Mahmud el-Shafey is an Arab Weekly correspondent in London.

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  • Growing concern about rise of far-right in Austria

    Emerging concerns. Head of the People’s Party Sebastian Kurz addresses the media as he arrives for coalition talks in Vienna, on November 28. (Reuters)


    2017/12/10 Issue: 135 Page: 17



    London - As Austria moves closer to forming a government between the centre-right Austrian People’s Party (OVP) led by Se­bastian Kurz and the far-right Free­dom Party of Austria (FPO), many across Europe expressed concern about the normalisation of far-right politics.

    Tense elections in Austria in Oc­tober saw the OVP secure victory with 31.5% of the vote, ahead of the ruling Social Democratic Party of Austria (SPO), which had 26.9% of the vote, and the FPO, with 26% of the vote.

    A coalition between the OVP’s 62 MPs and FPO’s 51 MPs would be enough to form a right-wing government. A previous OVP-FPO coalition led Austria from 2000-05 but did not involve FPO figures take senior government positions. The European Union imposed diplomatic sanctions on Austria — the first imposed on a member state — objecting to the presence of the far-right party.

    The FPO was established in Aus­tria in the 1950s by former Nazis. Its first leader, Anton Reinthaller, was a former SS officer and the party has consistently pursued a pro-nation­alist, far-right, anti-immigration policy. The OVP, led by Kurz, who could become the world’s youngest leader, is a Christian conservative party that pursues a centre-right agenda.

    The question analysts are asking is: Will the OVP pull the far-right FPO towards the centre or will we see the centre-right party’s con­servative policies and views co-opted by a surging far-right popu­list message?

    “The test… is who will emerge triumphant in this potential coali­tion: the traditional centre-right or the new populist rebellion. The outcome will serve as a road map for the rest of Europe,” said Peter Rough, a fellow at the Hudson In­stitute in Washington, writing in Foreign Policy.

    Media reports stated that talks were progressing and the two par­ties have found much to agree on regarding issues such as immigra­tion and the economy. Both parties have said they would cut benefits for migrants and introduce a 5-year residency rule to curb welfare for EU nationals.

    The new government would be expected to take a harder line to­wards the European Union. Pro­vincial governors have drawn up a 33-point paper on the country’s re­lationship with the bloc.

    With the FPO negotiating with the OVP as an “equal partner,” there are fears that Kurz could adopt some of the far-right party’s poli­cies as the cost of an alliance. “No one should think we’re going to take it easy on the OVP,” FPO leader Heinz-Christian Strache assured supporters.

    The FPO had called for a “minus immigration policy” during the election campaign, saying that Aus­tria should reduce net immigration to less than zero. It called for leg­islation that would make it easier for the government to shut down mosques and Islamic organisations.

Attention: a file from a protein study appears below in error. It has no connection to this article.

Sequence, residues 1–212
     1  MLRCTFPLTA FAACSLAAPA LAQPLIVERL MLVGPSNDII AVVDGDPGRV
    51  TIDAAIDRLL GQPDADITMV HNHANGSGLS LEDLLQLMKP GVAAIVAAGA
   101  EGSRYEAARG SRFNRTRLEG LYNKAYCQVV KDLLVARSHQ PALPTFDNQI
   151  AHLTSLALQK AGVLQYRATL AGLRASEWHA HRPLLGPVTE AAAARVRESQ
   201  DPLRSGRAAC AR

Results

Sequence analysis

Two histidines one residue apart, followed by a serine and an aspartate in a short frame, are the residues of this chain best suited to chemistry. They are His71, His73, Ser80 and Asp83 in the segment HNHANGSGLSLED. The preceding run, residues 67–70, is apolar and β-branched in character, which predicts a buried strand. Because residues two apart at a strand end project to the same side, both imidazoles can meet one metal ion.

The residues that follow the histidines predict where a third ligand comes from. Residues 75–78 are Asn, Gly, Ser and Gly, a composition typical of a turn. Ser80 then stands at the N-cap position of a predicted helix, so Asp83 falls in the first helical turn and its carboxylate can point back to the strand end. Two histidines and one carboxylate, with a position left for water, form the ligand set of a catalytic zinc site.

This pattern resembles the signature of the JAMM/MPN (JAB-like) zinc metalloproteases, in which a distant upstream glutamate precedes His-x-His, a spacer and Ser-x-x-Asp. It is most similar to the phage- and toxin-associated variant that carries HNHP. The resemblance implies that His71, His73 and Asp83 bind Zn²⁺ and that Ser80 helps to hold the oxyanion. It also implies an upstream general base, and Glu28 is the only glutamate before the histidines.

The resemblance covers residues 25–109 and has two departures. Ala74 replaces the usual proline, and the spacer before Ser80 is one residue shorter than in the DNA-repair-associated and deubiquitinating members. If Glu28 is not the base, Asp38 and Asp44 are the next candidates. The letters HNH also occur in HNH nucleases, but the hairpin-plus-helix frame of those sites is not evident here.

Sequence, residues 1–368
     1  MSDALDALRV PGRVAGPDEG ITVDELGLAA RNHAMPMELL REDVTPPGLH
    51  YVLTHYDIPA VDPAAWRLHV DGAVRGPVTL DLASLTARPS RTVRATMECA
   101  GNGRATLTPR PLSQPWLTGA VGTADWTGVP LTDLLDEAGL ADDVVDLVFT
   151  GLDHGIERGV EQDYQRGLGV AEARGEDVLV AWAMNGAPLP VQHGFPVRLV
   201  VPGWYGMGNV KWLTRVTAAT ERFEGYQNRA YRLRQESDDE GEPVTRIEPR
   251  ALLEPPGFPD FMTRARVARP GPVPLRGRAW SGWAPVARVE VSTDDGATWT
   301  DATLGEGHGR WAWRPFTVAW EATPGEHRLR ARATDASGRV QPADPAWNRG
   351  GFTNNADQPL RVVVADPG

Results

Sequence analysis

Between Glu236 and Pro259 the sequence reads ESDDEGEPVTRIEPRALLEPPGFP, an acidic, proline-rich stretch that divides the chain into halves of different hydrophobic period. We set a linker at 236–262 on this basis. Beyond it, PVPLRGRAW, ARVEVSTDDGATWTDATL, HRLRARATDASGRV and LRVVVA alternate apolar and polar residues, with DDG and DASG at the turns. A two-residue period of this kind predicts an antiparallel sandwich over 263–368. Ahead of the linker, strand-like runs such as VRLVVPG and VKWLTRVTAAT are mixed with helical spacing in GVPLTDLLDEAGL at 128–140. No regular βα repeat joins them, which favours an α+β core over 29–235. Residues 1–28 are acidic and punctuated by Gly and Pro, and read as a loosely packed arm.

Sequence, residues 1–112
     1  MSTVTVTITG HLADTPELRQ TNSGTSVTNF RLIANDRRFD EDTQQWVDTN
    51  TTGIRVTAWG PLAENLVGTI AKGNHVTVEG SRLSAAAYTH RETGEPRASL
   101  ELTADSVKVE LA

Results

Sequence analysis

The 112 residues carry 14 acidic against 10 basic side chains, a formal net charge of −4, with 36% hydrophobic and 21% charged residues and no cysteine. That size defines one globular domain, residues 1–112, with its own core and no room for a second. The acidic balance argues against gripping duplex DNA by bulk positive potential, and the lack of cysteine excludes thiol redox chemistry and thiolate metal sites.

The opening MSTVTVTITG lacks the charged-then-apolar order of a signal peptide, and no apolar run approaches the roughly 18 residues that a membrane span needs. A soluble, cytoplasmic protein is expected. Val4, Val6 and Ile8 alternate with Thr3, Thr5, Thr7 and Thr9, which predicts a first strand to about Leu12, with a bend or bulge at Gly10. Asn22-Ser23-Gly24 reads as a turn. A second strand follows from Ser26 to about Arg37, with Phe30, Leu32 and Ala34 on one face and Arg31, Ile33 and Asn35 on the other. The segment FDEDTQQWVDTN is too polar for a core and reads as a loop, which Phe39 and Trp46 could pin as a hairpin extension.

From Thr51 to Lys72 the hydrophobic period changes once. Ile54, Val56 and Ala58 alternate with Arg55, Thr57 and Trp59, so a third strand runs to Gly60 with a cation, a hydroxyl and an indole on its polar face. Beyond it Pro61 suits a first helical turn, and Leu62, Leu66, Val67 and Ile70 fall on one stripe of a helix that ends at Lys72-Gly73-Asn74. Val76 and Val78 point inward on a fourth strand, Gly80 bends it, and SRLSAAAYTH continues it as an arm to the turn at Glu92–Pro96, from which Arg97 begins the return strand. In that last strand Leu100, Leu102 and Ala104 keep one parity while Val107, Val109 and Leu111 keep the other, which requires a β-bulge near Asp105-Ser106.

During the election campaign, Kurz called for the state to close kindergartens run by Muslim pro­viders, fearing the spread of “po­litical Islam” to young children in what analysts viewed as an attempt by the centre-right party to win far-right voters.

    This is a dangerous gamble that both centre-right and centre-left parties have lost in the past when seeking to form coalition govern­ments with radical partners.

    “By pushing politics more and more to the right, they will have only one choice left: stay somewhat true to their (own) ideological core and face the rage of the radical­ised electorate or give them what they want and become a radical right party,” warned Cas Mudde, re­searcher at the Centre for Research on Extremism at the University of Oslo in the Guardian.

    With coalition talks ongoing, the focus has been on superficial is­sues. During the official opening of Austria’s parliament, the FPO’s 51 MPs did not wear their usual blue cornflower boutonniere — a symbol associated with Nazism — opting instead for edelweiss, a white-and-yellow Alpine flower.

    The blue cornflower had been considered controversial at it was used as a secret sign of support for the banned Nazi party in the 1930s. FPO MPs were strongly criticised for wearing the blue cornflower at previous parliamentary openings.

    The edelweiss stands for “brav­ery and love,” Strache said. Outside parliament, however, protesters carried placards warning: “Fascism wears many colours.”

    Following a controversial far-right “gallows” protest in Poland and an attack on a mosque in War­saw, many said far-right views are becoming increasingly entrenched in Europe.

    A demonstration in Vienna in­volved 3,000 protesters forming a “chain of light” to protest the FPO being included in government but few said they believe such demon­strations will make any difference against a rising tide of right-wing nativism.

    “(The shift to the right) has be­come a European trend… It’s no longer just an Austrian issue and that’s why it is not that controver­sial any longer,” protester Juergen Pucher told Reuters.

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